12. Have an ancestor from Continental Europe. (Probably. My geography isn’t what it should be….)
13. Have an ancestor from Africa. (No, but my granddaughters do.)
14. Have an ancestor who was an agricultural labourer (in the US and UK) (Yes, most of my ancestors were involved in farming, right up to my own father, and the same on my mother’s side.)
15. Have an ancestor who had large land holdings (what’s large? Larger than 40 acres? Yep. Larger than 640 acres? Probably.) (Yes, by yesterday’s standards my ancestors had large land holdings.)
16. Have an ancestor who was a holy man – minister, priest, rabbi (Jonathan Oatley in Killingly CT in 19th century, several more in 17th century) (We have ministers in my family, and one of my ancestors was “Deacon Samuel Stocking, son of George Stocking. George was born in circa 1582 in Suffolk, England. Deacon Samuel was born in England also and immigrated to America in 1633. They became part of Thomas Hooker’s party, and George was one of Hartford, CT’s founding fathers.)
17. Have an ancestor who was a midwife (unsure) (Not that I know of.)
18. Have an ancestor who was an author (unsure) (Not that I know of.)
19. Have an ancestor with the surname Smith, Murphy or Jones (many Smiths, no Murphys, only one Jones line) One large Smith line, one Jones line that quickly turns into a huge brick wall.
20. Have an ancestor with the surname Wong, Kim, Suzuki or Ng. (No. Not that I know of.)
21. Have an ancestor with a surname beginning with X. (Not that I know of.)
22. Have an ancestor with a forename beginnining with Z (three generations of Zachariah Hildreths, and a Zechariah Barber) (Not that I know of.)
23. Have an ancestor born on 25th December. (Yes, my great-grandfather, Roderick Remine Stocking was born 25 December 1853.)
24. Have an ancestor born on New Year’s Day. (Not that I know of.)
25. Have blue blood in your family lines (supposedly if Royal Descendants book is right) (No. Not that I know of.)
26. Have a parent who was born in a country different from my country of birth. (No.)
27. Have a grandparent who was born in a country different from my country of birth (nope, one great-grandparent born in Canada is the last one born in another country) (No. Two lines came to America in the 1600′s. Need to get other lines back that far.)
28. Can trace a direct family line back to the eighteenth century (all but 3 or 4 of my 32 3rd great-grandparents. (Have several lines back to the 18th century.)
29. Can trace a direct family line back to the seventeenth century or earlier (quite a few) (some, not as many as to the 18th century.)
30. Have seen copies of the signatures of some of my great-grandparents (Austin Carringer, Della smith, Georgia Kemp, Frank Seaver, Thomas Richmond) (Just Roderick Remine Stocking, thus far.)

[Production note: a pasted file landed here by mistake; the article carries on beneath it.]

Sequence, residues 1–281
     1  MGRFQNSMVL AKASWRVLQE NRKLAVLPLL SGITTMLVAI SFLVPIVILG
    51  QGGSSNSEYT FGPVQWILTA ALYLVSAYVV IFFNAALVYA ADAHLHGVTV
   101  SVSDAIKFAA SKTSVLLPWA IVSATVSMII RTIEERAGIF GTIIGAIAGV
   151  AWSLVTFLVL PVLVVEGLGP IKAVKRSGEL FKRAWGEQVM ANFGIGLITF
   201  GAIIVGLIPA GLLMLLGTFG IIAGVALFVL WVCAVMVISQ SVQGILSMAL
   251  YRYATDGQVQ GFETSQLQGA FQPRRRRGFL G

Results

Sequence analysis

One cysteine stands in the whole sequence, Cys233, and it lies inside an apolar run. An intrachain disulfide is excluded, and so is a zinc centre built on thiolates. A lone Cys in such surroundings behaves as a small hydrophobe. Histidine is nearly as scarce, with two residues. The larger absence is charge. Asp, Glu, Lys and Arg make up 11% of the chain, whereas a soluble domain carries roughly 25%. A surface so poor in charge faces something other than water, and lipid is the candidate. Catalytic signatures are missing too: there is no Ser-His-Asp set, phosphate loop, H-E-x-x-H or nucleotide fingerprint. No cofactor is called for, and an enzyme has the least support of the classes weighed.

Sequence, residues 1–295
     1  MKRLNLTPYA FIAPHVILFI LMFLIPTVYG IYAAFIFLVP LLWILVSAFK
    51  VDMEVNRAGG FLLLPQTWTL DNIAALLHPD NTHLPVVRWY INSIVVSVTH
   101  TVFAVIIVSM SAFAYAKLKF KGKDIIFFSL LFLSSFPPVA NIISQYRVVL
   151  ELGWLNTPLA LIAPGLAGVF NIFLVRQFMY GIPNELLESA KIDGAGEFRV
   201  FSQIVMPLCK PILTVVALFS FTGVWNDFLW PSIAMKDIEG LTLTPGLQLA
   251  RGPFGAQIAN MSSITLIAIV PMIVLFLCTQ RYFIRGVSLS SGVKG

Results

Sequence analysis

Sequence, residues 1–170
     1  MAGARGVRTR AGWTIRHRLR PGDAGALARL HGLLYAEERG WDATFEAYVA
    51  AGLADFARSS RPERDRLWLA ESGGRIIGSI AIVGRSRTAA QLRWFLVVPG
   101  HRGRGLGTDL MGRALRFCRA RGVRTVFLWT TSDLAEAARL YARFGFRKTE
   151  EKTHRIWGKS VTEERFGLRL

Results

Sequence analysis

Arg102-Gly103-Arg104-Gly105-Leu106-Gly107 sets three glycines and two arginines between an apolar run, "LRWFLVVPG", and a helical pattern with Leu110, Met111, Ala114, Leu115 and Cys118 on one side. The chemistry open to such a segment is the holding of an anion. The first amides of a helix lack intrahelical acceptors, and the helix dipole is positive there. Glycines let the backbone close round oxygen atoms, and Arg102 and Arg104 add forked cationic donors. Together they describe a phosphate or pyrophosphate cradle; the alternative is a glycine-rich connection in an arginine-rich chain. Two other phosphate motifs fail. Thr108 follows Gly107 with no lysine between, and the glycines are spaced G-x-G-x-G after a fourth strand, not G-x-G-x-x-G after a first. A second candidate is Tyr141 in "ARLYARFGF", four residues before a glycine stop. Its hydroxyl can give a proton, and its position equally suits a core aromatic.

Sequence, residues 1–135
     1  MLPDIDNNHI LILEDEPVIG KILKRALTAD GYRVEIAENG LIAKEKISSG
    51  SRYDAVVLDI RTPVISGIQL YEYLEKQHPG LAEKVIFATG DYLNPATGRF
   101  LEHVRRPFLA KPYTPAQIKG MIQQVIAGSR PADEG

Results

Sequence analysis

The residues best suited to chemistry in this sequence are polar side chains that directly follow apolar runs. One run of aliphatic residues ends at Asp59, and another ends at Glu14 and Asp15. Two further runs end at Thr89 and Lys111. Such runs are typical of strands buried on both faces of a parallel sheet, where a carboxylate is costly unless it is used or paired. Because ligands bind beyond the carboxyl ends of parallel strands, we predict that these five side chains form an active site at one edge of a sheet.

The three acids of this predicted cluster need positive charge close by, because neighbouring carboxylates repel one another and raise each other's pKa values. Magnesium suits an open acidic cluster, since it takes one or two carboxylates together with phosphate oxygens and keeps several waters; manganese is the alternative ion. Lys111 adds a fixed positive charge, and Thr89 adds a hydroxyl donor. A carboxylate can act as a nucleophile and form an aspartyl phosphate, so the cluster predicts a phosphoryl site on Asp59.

31. Have ancestors who signed their marriage certificate with an X (not that I know of) (My earliest Stocking ancestor, George Stocking, Hartford, CT founder, signed his will with an X. He was, besides being a farmer, a surveyor, so I wonder if he was just no longer able to sign his name due to advanced age, rather than not being literate.)
32. Have a grandparent or earlier ancestor who went to university (not that I know of) (Yes, both my grandparents on my father’s side, Elmer and Maud (McGinnis) Stocking attended college, though I believe neither graduated with a four year degree. My grandmother received a teaching certificate and taught for a year or two, perhaps a bit longer.)
33. Have an ancestor who was convicted of a criminal offence (several are in Sex in Middlesex book) (Not that I have found yet.)
34. Have an ancestor who was a victim of crime (logic says someone in 12 generations must have been, not sure about this one) (Probably, but I have not found it yet.)
35. Have shared an ancestor’s story online or in a magazine (probably in Genea-Musings…) (I have shared several ancestor’s short stories online on my blog here, and in the small town history book that I co-authored, “Mayfield: Then & Now.)
36. Have published a family history online or in print (two books self=published and shared with family) (I haven’t published a book, just a notebook that I take to family reunions.)
37. Have visited an ancestor’s home from the 19th or earlier centuries (several in New England, and the Ranslow Smith Inn in Wisconsin) (Yes, several here in Kansas, and one ancestor’s home in Kentucky.)
38. Still have an ancestor’s home from the 19th or earlier centuries in the family (not in the family…the Ranslow smith Inn in Wisconsin would qualify if I’d bought it) (My grandfather’s farm was bought by my parent’s and is still owned by my mother. It has been in the family now since 1903. The house burned down several years ago, however.)
39. Have a family bible from the 19th Century (have Bible pages for births, marriages, deaths, but not the Bible) (The only family Bible that I know of is owned by my Uncle and his family.)
40. Have a pre-19th century family bible (No.)
by Sherry Stocking Kline
October 12, 2011
I have been blessed this year with so many who have shared family photographs with me, and this past spring, my cousin Larry brought me a huge box of photographs to scan! I have yet to measure the box, but it is approxinately 1.5 feet by 3.5 feet, and chock full of family photos!